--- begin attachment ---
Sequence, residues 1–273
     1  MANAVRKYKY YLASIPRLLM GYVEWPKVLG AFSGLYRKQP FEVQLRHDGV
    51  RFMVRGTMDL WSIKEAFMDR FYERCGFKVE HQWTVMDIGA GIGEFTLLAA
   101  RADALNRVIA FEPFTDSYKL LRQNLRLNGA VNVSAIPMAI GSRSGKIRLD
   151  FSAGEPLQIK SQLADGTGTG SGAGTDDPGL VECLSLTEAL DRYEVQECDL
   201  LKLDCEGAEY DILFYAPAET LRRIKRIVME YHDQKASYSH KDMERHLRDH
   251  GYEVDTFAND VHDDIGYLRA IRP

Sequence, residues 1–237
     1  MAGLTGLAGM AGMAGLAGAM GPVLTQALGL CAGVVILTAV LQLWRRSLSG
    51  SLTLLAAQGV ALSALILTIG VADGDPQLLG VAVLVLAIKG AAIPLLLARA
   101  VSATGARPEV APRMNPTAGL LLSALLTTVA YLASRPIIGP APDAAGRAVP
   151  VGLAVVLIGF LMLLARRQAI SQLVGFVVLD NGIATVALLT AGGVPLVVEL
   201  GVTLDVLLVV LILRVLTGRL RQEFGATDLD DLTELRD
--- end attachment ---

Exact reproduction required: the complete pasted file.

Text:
Sequence, residues 1–273
     1  MANAVRKYKY YLASIPRLLM GYVEWPKVLG AFSGLYRKQP FEVQLRHDGV
    51  RFMVRGTMDL WSIKEAFMDR FYERCGFKVE HQWTVMDIGA GIGEFTLLAA
   101  RADALNRVIA FEPFTDSYKL LRQNLRLNGA VNVSAIPMAI GSRSGKIRLD
   151  FSAGEPLQIK SQLADGTGTG SGAGTDDPGL VECLSLTEAL DRYEVQECDL
   201  LKLDCEGAEY DILFYAPAET LRRIKRIVME YHDQKASYSH KDMERHLRDH
   251  GYEVDTFAND VHDDIGYLRA IRP

Sequence, residues 1–237
     1  MAGLTGLAGM AGMAGLAGAM GPVLTQALGL CAGVVILTAV LQLWRRSLSG
    51  SLTLLAAQGV ALSALILTIG VADGDPQLLG VAVLVLAIKG AAIPLLLARA
   101  VSATGARPEV APRMNPTAGL LLSALLTTVA YLASRPIIGP APDAAGRAVP
   151  VGLAVVLIGF LMLLARRQAI SQLVGFVVLD NGIATVALLT AGGVPLVVEL
   201  GVTLDVLLVV LILRVLTGRL RQEFGATDLD DLTELRD